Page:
Election marks seismic shift in Malaysian politics

Malaysia’s election, to be held tomorrow, is set to be the closest in the country’s history. Despite an entrenched gerrymander in its favour, the ruling Barisan Nasional (BN) coalition faces the possibility of losing to the opposition People’s Alliance (PR) for the first time since formal independence in 1957.

Prime Minister Najib Razak is desperately seeking to cling to power. In the lead up to the election, his government made cash handouts to the country’s poorest layers, with promises of more, and increased the salaries of public servants and the security forces. His United Malays National Organisation (UMNO), the leading BN partner, is notorious for vote rigging, dirty tricks, intimidation and violence.

The police have reported over 1,400 cases of political violence since parliament was dissolved on April 13. Most have involved death threats, assaults on party campaigners and vandalism of election offices, flags and posters. An AFP report noted that the government-controlled mass media had given no indication of who was behind the violence. PR representatives have claimed that the opposition has been the target of most attacks.

The country’s limited opinion polls indicate that the opposition was making ground over the government parties. On April 25, the University of Malaya’s Centre for Democracy and Elections said opposition leader Anwar Ibrahim was the preferred prime minister, at 43 percent, with Najib on 39 percent, a significant shift away from Najib since February. Anwar’s PR was ahead of the BN by 42 percent to 36 percent, with 22 percent undecided.

In the previous election in 2008, the PR shocked the government by ending BN’s two-thirds majority in the national parliament, and winning office in five states, including several of the country’s most economically developed. Due to the gerrymander, PR won 47 percent of the popular vote but secured only 37 percent of the seats in the national parliament.

Fundamental economic and social shifts in Malaysian society have undermined the social base of UMNO, whose authoritarian rule has rested on support from the country’s ethnic Malay majority. Its New Economic Policy (NEP) has discriminated in favour of Malays, and against the substantial ethnic Chinese and Indian minorities, in education, business, government jobs and social benefits.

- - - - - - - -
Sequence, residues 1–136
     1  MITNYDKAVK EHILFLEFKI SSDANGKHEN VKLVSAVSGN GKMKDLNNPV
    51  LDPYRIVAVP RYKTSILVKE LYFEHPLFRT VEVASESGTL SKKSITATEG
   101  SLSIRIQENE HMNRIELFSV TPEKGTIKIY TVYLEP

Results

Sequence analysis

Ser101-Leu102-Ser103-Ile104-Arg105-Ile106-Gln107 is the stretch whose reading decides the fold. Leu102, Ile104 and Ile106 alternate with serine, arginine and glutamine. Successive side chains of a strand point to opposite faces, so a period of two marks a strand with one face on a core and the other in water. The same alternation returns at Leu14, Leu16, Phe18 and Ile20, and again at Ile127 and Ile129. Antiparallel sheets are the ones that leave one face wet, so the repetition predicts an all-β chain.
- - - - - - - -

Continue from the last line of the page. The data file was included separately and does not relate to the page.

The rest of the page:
Powerful layers of big business, as well as international investors, are backing the opposition as the means of ending the NEP’s restrictions and cronyism, implementing pro-market restructuring and opening up the Malaysian economy to foreign capital. Anwar’s denunciations of “corruption and racism” are pitched to the corporate elite and their concerns about the economic future amid the deepening global breakdown.

Anwar’s message is also aimed at an increasingly urbanised population, particularly youth, who are hostile to racial discrimination and the government’s oppressive methods of rule. Anwar has used US President Obama’s slogan of “change,” or “ubah” in Malay, to exploit these sentiments. More than 2.6 million young voters, out of a total of 13.3 million, have registered and are eligible to cast a ballot for the first time tomorrow.

Najib has attempted to stem the tide against the BN through a two-pronged campaign. Publicly he has touted the government’s cosmetic reforms to the NEP and anti-democratic laws, as well as its record of economic growth. He has appealed to voters to stick with the government and its Economic Transformation Program of infrastructure investment, warning of the dangers of an untested opposition.